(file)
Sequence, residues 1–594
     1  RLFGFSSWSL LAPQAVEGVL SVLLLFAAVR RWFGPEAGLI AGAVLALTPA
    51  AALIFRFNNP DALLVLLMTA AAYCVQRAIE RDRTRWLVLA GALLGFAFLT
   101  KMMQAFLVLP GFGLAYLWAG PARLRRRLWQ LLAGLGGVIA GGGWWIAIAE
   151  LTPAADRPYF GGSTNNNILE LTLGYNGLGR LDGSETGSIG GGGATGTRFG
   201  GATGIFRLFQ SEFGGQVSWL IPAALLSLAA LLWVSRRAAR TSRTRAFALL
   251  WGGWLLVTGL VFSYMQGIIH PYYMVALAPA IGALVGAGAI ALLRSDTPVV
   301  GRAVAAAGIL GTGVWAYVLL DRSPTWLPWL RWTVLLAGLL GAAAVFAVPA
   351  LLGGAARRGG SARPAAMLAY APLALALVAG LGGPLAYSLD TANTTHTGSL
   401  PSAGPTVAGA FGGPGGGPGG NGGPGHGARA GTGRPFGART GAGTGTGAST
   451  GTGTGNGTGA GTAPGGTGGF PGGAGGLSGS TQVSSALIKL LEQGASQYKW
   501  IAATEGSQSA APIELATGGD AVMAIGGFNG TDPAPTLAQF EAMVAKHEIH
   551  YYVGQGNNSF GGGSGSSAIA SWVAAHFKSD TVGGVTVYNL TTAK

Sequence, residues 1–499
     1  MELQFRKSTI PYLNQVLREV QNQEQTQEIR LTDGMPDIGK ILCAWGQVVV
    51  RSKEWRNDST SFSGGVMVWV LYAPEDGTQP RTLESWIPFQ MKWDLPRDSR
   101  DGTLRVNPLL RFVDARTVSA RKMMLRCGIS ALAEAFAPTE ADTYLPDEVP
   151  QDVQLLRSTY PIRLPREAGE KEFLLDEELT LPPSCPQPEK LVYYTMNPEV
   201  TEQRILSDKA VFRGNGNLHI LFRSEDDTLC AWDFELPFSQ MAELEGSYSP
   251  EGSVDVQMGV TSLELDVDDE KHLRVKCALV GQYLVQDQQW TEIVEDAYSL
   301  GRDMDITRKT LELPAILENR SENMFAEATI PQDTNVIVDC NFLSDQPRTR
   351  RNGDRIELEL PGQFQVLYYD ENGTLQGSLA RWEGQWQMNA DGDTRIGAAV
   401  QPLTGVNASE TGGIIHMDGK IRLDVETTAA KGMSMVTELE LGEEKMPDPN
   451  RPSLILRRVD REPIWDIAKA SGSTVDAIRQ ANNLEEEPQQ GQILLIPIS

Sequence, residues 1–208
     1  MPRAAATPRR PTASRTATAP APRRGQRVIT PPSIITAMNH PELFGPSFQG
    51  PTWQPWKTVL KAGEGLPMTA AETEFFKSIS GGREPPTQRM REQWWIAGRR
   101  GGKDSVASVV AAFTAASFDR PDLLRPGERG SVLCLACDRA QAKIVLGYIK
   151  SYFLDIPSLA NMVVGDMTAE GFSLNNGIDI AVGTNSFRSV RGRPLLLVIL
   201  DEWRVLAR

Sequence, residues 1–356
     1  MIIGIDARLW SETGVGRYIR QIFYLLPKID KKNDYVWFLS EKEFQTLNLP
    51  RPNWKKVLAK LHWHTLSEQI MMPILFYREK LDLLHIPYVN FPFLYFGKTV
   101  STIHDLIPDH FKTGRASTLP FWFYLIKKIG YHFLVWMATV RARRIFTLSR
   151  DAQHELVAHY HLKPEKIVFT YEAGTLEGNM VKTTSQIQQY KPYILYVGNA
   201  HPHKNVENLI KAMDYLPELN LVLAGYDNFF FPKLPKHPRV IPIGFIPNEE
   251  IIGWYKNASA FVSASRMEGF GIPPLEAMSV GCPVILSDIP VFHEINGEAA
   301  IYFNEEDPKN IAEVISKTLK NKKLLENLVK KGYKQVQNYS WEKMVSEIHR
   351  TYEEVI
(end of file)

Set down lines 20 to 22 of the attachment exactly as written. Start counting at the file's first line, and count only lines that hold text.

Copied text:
   251  EGSVDVQMGV TSLELDVDDE KHLRVKCALV GQYLVQDQQW TEIVEDAYSL
   301  GRDMDITRKT LELPAILENR SENMFAEATI PQDTNVIVDC NFLSDQPRTR
   351  RNGDRIELEL PGQFQVLYYD ENGTLQGSLA RWEGQWQMNA DGDTRIGAAV